White tongue is the result of inflammation of the finger-like projections (papillae) on the surface of your tongue. The appearance of a white coating is caused by debris, bacteria and dead cells getting lodged between the inflamed papillae.
Causes of inflammation include:
- Dry mouth
- Excessive alcohol use
Conditions associated with white patches or other discolorations of your tongue include:
- Certain medications
- Geographic tongue (a condition that gives your tongue a map-like appearance)
- Leukoplakia (may be precancerous)
- Oral lichen planus (a chronic, autoimmune disorder)
- Oral thrush (a yeast infection, also known as candidiasis)
- Syphilis (a bacterial infection usually spread by sexual contact)
Jan. 12, 2012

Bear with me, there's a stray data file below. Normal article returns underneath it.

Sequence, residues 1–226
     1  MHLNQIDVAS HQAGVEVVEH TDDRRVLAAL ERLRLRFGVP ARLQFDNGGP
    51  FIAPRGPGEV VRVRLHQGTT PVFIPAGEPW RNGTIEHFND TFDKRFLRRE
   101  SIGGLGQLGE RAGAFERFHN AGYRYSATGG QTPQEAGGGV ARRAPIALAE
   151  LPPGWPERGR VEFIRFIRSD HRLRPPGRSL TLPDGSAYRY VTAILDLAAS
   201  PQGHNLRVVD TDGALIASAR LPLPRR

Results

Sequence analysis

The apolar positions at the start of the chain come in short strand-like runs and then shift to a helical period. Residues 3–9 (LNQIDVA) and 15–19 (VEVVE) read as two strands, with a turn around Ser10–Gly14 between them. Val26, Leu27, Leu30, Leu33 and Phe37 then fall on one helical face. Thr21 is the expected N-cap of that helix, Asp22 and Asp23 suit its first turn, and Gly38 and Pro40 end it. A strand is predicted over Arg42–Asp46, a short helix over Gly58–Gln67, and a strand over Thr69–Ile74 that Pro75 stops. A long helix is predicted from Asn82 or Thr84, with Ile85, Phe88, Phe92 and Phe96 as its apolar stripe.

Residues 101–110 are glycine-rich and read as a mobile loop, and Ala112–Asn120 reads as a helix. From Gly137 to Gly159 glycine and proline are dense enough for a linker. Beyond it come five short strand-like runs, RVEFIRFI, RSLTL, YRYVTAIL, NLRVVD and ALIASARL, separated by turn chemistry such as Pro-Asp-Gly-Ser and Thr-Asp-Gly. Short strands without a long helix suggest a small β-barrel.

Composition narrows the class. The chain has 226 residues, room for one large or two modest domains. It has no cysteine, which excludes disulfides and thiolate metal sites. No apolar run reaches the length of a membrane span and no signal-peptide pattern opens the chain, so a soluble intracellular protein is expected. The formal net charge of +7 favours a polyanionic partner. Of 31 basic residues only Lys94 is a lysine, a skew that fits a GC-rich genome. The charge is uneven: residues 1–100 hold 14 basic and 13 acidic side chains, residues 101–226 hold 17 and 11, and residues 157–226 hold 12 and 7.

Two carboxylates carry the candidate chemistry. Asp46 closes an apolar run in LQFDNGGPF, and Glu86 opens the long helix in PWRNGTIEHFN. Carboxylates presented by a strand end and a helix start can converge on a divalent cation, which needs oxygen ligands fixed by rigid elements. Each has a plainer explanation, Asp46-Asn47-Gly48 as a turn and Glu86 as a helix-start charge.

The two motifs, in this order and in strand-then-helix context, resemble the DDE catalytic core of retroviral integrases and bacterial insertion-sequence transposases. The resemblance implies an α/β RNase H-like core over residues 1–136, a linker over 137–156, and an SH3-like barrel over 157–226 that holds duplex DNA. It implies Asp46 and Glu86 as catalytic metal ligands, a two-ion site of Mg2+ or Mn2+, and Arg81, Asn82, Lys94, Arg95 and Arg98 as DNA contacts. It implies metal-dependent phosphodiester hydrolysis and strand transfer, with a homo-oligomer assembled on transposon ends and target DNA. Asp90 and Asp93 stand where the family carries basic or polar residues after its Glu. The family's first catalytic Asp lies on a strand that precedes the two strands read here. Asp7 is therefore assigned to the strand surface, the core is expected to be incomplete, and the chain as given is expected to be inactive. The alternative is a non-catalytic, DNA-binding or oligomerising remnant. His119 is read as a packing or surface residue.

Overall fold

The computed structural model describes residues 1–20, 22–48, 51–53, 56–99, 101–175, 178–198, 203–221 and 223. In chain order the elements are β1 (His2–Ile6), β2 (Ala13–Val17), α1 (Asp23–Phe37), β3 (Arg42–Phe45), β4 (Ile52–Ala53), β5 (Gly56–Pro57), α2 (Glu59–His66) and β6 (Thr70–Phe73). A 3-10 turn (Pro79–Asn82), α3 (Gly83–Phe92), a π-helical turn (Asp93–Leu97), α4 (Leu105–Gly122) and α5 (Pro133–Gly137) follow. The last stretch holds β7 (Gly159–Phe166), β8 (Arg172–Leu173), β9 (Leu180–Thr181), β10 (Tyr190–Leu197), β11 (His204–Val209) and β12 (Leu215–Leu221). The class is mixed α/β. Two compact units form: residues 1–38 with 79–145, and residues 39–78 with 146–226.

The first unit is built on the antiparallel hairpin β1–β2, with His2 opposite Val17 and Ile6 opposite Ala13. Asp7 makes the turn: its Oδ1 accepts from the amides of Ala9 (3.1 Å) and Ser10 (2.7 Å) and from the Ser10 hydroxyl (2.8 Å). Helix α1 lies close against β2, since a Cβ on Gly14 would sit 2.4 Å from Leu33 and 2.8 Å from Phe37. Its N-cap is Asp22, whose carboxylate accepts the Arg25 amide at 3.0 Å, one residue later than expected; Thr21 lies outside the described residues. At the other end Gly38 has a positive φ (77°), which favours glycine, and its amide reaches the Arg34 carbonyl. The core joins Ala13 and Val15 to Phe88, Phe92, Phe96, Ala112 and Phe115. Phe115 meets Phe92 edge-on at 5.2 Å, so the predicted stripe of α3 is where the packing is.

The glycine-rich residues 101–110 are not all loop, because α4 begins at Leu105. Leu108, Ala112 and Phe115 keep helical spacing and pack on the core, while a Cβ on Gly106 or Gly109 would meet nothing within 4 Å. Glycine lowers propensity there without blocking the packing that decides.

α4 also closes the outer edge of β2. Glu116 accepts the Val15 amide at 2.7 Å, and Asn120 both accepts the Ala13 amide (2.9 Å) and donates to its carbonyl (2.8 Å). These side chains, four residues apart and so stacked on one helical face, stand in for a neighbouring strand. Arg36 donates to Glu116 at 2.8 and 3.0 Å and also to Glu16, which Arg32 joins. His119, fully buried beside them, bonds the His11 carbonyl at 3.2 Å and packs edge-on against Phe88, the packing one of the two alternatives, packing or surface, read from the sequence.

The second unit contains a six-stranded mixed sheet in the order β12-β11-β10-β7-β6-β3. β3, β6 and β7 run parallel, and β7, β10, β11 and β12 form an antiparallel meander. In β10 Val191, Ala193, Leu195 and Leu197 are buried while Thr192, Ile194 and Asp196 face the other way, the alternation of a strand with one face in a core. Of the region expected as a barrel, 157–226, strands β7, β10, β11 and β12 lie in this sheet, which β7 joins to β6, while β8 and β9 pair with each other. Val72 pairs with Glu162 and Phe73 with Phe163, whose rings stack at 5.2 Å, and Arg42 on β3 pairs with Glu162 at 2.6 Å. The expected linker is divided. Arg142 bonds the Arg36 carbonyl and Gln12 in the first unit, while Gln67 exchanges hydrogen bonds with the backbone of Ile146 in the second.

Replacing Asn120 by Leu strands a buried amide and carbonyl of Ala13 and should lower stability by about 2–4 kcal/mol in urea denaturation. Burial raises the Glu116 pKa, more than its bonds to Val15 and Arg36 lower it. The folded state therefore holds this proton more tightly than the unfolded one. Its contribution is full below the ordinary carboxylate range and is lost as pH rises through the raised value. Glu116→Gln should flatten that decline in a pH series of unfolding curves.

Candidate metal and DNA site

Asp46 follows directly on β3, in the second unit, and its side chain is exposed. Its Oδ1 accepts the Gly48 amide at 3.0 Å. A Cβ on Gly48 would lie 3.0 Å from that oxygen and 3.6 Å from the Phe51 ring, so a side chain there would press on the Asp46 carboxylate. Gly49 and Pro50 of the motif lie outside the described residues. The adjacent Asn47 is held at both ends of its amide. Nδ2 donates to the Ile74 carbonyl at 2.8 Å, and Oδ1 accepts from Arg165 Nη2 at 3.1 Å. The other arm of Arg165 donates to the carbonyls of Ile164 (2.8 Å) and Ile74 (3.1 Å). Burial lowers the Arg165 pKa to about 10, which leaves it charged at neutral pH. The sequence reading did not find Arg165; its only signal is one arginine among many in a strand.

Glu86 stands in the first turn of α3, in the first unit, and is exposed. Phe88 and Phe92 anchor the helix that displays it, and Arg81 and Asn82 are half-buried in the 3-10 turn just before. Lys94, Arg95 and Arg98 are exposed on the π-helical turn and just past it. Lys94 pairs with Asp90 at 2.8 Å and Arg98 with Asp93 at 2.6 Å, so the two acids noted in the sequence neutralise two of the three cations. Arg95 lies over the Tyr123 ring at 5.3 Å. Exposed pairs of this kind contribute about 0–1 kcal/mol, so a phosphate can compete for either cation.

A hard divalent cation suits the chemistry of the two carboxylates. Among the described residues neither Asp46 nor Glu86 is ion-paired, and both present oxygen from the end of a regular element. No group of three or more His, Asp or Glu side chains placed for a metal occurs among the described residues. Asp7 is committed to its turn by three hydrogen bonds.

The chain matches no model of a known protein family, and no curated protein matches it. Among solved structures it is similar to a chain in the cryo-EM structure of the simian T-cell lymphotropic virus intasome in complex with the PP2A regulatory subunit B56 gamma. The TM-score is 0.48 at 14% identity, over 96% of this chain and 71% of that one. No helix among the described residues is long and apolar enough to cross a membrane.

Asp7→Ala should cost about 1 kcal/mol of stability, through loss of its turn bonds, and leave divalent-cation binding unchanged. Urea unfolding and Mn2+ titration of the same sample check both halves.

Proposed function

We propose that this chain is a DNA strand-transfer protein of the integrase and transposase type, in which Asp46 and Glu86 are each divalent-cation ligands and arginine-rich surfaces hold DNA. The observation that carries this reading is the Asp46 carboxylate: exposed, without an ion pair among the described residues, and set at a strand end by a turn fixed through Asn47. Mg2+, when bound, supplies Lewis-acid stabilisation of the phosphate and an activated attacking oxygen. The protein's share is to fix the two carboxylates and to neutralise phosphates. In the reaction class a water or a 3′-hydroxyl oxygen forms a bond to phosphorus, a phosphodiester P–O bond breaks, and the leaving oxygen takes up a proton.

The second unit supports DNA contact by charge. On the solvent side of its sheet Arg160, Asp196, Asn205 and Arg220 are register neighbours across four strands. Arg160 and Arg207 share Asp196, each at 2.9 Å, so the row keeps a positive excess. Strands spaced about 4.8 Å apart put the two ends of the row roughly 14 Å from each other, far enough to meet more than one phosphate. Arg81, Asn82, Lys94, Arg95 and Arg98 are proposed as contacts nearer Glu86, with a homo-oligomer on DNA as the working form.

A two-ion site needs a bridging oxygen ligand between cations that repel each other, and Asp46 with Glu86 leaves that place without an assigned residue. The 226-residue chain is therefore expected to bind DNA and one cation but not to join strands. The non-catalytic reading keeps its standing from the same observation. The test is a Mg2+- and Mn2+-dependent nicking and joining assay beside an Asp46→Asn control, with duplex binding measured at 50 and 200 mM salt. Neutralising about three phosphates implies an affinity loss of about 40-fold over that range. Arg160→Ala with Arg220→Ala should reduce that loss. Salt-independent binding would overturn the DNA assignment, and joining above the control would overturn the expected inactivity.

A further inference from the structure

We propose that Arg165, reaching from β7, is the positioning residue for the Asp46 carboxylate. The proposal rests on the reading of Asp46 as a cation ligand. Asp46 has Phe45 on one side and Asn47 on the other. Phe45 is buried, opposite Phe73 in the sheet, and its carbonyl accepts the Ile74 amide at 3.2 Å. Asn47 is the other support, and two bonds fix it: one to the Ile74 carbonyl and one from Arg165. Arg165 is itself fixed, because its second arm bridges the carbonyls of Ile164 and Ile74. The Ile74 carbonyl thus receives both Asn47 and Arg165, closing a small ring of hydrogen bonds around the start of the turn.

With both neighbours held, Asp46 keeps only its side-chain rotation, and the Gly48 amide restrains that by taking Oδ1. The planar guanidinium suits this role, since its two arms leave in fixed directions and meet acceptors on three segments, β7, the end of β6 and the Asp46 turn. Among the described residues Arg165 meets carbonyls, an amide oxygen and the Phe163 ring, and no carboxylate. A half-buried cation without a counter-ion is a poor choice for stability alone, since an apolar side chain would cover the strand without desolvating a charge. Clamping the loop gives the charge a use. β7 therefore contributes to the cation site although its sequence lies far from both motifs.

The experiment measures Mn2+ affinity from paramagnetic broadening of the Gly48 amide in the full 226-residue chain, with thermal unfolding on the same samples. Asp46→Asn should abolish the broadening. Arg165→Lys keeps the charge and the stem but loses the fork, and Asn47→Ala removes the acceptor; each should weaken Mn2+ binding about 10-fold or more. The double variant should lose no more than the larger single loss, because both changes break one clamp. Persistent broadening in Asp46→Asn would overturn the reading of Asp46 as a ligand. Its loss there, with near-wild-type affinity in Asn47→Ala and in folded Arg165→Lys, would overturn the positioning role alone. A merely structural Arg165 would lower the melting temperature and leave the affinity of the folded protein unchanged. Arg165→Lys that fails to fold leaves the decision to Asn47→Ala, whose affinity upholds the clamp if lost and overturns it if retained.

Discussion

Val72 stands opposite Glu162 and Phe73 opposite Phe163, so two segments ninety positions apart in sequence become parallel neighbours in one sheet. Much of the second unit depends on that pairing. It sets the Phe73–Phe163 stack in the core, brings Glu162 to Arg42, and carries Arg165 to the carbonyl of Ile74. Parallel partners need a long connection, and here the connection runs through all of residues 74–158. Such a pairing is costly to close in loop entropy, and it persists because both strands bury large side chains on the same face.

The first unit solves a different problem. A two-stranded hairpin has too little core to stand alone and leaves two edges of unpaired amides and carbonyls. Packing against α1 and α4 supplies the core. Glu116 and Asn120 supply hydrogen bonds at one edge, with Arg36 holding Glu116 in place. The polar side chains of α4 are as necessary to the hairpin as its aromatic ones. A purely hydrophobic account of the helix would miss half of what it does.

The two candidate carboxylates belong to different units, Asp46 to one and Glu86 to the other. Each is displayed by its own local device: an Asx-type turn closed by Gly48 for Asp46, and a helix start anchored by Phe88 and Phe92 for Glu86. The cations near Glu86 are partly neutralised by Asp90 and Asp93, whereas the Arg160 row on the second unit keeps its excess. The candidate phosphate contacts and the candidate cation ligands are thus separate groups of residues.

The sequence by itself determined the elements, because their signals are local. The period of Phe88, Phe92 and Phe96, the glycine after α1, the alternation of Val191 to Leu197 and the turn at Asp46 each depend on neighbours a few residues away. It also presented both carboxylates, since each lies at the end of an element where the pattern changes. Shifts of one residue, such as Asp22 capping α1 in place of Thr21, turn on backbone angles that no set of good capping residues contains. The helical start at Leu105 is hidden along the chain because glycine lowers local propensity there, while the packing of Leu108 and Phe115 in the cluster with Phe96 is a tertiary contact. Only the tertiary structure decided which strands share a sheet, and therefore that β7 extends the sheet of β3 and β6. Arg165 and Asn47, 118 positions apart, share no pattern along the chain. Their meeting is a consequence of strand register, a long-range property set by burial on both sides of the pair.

Causes shown here are commonly associated with this symptom. Work with your doctor or other health care professional for an accurate diagnosis.
- Reamy BV, et al. Common tongue conditions in primary care. American Family Physician. 2010;81:627.
- Bhattacharyya I, et al. White lesions. Otolaryngologic Clinics of North America. 2011;44:109.
- Lerman MA, et al. Generalized white appearance of the oral mucosa. The Journal of the American Dental Association. 2010;141:867.
- Evaluation of the dental patient. The Merck Manuals: The Merck Manual for Healthcare Professionals. http://www.merckmanuals.com/professional/dental_disorders/approach_to_the_dental_patient/evaluation_of_the_dental_patient.html. Accessed Oct. 12, 2011.